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Vanessa Murray Western Sydney 70.3 Race Report

The last time I raced Ironman 70.3 Western Sydney was five years ago when we were hit with a 38-degree day, so heading into the race this year I was hoping for a few degrees cooler which as it turned out we got....

Race morning arrived and at 6am the air temperature was about 17 degrees with minimal wind, so perfect conditions with the day only expected to reach about 24 degrees.

The official call on whether age groupers would be starting with or without wetsuits was left until race morning with the water temperature sitting right on the cut off of 24.5 degree’s the evening prior.  I was comfortable with whichever way the call would fall, but being a stronger swimmer, my preference would have been non-wetsuit, but as it turned out the water temperature had dropped a degree over night so wetsuits it was.

Being a competitive age grouper, the rolling age group wave starts wouldn’t be my pick of start types as you don’t necessarily end up “racing” side by side with your main competitors but rather race very individual races not knowing where or how your competitors are going. What this does enable however is a very self-focussed and self-motivated race plan where you simply focus on yourself at all times and have to just ensure that you are doing everything in your power to go as fast as you can.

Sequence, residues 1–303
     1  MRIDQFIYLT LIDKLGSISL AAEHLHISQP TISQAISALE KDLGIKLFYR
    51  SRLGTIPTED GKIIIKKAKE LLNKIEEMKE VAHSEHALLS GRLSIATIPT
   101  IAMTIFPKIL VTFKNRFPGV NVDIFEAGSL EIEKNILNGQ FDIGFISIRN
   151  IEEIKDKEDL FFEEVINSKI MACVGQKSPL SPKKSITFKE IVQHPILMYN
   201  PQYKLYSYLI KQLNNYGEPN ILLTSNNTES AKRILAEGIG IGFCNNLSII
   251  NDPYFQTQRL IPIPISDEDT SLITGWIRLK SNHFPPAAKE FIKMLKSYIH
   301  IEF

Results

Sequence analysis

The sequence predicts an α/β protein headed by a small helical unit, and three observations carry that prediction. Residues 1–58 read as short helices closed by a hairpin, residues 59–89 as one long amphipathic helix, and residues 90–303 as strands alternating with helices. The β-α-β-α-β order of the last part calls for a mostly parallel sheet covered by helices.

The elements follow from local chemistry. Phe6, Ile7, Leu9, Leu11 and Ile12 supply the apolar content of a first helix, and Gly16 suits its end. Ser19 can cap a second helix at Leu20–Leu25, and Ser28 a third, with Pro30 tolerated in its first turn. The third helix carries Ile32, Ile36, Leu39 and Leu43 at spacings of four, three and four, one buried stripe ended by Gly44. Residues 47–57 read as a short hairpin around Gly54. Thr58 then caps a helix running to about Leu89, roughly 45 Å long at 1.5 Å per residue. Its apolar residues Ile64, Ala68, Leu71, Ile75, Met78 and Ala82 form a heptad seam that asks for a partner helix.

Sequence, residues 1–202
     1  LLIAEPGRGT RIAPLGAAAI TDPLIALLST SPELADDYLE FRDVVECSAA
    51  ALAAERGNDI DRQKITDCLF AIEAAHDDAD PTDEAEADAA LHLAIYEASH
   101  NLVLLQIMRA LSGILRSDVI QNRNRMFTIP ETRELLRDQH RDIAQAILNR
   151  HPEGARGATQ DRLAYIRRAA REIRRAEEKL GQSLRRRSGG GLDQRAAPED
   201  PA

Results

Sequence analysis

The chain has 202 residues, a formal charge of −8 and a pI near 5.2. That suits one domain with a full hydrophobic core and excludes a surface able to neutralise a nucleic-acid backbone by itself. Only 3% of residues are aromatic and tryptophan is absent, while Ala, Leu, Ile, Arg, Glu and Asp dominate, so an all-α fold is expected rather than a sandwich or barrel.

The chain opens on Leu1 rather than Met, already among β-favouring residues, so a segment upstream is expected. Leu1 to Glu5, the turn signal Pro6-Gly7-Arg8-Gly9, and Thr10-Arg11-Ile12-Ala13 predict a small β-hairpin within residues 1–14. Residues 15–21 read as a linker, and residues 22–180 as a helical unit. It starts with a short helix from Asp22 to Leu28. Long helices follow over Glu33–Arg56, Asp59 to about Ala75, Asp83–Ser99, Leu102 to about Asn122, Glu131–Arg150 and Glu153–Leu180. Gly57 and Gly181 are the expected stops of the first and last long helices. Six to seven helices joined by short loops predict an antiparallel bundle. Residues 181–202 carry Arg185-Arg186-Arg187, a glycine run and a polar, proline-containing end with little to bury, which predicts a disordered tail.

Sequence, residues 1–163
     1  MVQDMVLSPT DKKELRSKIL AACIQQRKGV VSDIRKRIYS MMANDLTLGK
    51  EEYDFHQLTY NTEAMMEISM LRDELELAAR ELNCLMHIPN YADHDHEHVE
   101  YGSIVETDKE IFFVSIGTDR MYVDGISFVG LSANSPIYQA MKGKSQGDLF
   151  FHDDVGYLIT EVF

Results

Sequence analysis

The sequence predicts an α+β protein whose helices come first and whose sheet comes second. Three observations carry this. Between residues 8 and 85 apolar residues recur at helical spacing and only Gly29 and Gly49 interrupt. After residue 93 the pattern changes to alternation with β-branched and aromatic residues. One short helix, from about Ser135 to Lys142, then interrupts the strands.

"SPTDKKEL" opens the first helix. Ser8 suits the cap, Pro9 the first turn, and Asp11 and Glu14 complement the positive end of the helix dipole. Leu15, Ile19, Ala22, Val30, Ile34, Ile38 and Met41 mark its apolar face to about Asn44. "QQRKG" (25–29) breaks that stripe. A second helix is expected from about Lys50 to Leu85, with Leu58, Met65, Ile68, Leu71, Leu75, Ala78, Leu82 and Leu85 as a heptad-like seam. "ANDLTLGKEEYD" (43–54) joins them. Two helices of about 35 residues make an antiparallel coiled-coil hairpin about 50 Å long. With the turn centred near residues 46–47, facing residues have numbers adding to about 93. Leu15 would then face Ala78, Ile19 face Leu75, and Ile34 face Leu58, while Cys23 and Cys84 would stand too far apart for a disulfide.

This time I was lucky enough to be the first age group wave up and managed to seed myself at the very front of the wave which was my plan – start in front and go as hard as I can all day (in a controlled fashion of course) and get to the finish line knowing that I had given all that I had to give, as with the rolling start you never really know how you are sitting in terms of overall placings.

I dived off the pontoon into the water where myself and a fellow 30-34 age group athlete, albeit a male one (yep male’s and females started together this time) swam side by side for the first half of the swim, pretty much stroke for stroke.  Around the half way mark, he picked up the pace and I slotted in behind him – this is where drafting practice pays off.  We were only passed by one other age group male (I think!) so I knew we were swimming strong. There was also another male sitting on my feet, so we were a line of 3.  At one stage a surge was put in and I lost feet for a couple of minutes, before making sure I pushed to get back on and then we pretty much exited the water together. Entering T1 I knew I was the first female out(thanks to Pete Murray’s update), but with the rolling start this is never confirmation you swam the fastest.Swim 00:27:52.

I moved through T1 fairly quickly, jumped on the bike and put the head down.

I never usually like changing anything too close to a race but two weeks ago I spent some time with Adaptive HP working on a new bike position which is quite drastically different to my prior one.  With the main aim being to get more aero and getting this done nice and early before Ironman New Zealand, so of course the trade off was racing the 70.3 in Sydney with not much practice in the new position.